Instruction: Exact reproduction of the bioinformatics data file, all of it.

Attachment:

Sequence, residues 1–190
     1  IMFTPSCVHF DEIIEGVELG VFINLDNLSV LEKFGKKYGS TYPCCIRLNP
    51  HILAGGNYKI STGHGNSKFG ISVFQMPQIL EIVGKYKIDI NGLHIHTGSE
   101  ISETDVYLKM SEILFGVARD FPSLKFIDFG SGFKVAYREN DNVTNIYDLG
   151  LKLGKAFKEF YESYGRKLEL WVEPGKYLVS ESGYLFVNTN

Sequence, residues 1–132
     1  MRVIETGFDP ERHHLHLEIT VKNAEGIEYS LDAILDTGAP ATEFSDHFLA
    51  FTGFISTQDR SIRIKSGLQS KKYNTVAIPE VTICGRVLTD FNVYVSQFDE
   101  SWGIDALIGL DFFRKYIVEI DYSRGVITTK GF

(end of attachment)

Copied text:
Sequence, residues 1–190
     1  IMFTPSCVHF DEIIEGVELG VFINLDNLSV LEKFGKKYGS TYPCCIRLNP
    51  HILAGGNYKI STGHGNSKFG ISVFQMPQIL EIVGKYKIDI NGLHIHTGSE
   101  ISETDVYLKM SEILFGVARD FPSLKFIDFG SGFKVAYREN DNVTNIYDLG
   151  LKLGKAFKEF YESYGRKLEL WVEPGKYLVS ESGYLFVNTN

Sequence, residues 1–132
     1  MRVIETGFDP ERHHLHLEIT VKNAEGIEYS LDAILDTGAP ATEFSDHFLA
    51  FTGFISTQDR SIRIKSGLQS KKYNTVAIPE VTICGRVLTD FNVYVSQFDE
   101  SWGIDALIGL DFFRKYIVEI DYSRGVITTK GF